Dale Rector, with Rector and Reeder PC, presented the results of the 2011 audit to the housing authority board Wednesday and said the authority’s current assets are valued at $7.4 million, compared to $6.9 at the end of 2010. Unrestricted assets grew from $4.9 million at the end of 2010 to $5.3 million at the end of 2011.
Rector reported that grant funding to the authority decreased by 17.9 percent in 2011. Eighty-three percent of the authority’s revenue is derived from federal grant funding. Tenant revenue was up by 9.1 percent to $1.6 million.
“Agency-wide you have good quick ratio, you have good operating leverage, and you have good working capital,” Rector said. “In my opinion, that’s pretty strong.”
That was the end of the good news.
“You had board reports, you had financial reports that you’ve gotten every month in the prior year that in our opinion were not reliable and were not accurate,” Rector said.
The quality of those reports jeopardizes the agency’s standing as a high performing housing authority.
Rector’s audit revealed that the authority misstated $4.6 million in total assets; total liabilities were misstated by $2 million; and total equity was misstated by approximately $2.6 million.
“That’s the first finding — failure to properly file, properly report your end-of-the-year financial data to HUD,” Rector said. “It shocked me, it shocked me.”
Debra Toothman served as the authority’s financial director for just more than a year before resigning June 29 of this year.
Rector said the audit did not reveal that any money was missing.
“We had problems with journal entries, we had problems with the general ledger reconciliation,” Rector said.
Records retention was also a significant problem. The audit revealed that the lack of a uniform records retention or filing system has resulted in confusion about compliance and documentation requirements for many grants and programs.
“Many requested documents were located only with great difficulty, if at all,” according to the audit report.
Nonetheless, the auditor told the NWGHA board that the housing agency is in good shape financially.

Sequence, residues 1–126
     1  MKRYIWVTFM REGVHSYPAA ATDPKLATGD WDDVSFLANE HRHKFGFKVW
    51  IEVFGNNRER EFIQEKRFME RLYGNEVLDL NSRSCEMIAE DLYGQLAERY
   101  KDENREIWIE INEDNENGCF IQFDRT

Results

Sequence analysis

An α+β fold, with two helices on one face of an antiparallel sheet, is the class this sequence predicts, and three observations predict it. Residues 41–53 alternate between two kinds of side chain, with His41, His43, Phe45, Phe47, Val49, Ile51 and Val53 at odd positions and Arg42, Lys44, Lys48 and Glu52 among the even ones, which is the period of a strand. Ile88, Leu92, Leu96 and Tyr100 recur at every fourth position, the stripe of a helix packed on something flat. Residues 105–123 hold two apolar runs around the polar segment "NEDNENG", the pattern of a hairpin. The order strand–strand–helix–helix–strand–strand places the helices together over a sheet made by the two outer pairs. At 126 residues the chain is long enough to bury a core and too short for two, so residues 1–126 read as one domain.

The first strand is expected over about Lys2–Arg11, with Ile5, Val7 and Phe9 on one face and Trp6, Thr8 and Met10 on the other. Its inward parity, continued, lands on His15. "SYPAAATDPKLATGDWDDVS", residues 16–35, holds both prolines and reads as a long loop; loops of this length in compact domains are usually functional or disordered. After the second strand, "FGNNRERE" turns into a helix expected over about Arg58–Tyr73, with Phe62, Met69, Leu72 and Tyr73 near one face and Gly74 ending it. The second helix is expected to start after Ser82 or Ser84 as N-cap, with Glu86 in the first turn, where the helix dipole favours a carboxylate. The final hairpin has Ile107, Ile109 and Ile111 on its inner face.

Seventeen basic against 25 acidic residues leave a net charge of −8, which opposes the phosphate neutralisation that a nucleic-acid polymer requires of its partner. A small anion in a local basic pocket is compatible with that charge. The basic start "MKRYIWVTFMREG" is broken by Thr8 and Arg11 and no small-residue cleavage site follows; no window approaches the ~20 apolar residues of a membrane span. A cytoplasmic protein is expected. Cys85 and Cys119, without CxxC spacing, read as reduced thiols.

“We need to seriously work on our accounting department and what that looks like,” Rector said. “The finance department can sink the ship.”
Board member Jim Keaten asked Rector how the agency could ensure it doesn’t get into the same situation again, and Rector said that, in addition to hiring a new chief financial officer, that the housing authority should also hire an experienced accountant.
NWGHA Executive Director Sandra Hudson said the agency has interviewed several people for the CFO position and is currently checking references on a prospect from Arizona who has ties to Georgia and has indicated a willingness to join the NWGHA.
Ed Stockton, the CPA who has been brought in to help clean up the books, told the board that they basically have had no internal controls for the past year.
“We’re going to get this straightened out,” Board member Lee Hight said emphatically.
In other business, Assistant Director of Technical Services Doug Braden told the board the he hopes to use Federal Neighborhood Stabilization Program III funds to acquire nine parcels next to the Overlook at Fairgrounds property off Martin Luther King Jr. Drive. Construction of the gated public housing community is not expected to get under way for several months.
Hudson briefed the board on continuing efforts to transform the Willingham Village public housing complex in West Rome to a Rental Assistance Demonstration site. Some 151 units need to be completely renovated. Braden estimated that it would take $85,000 per unit to upgrade the old housing units.
Participation in the RAD program would require the housing authority to partner with a developer and seek 9 percent tax credit financing from the Georgia Department of Community Affairs.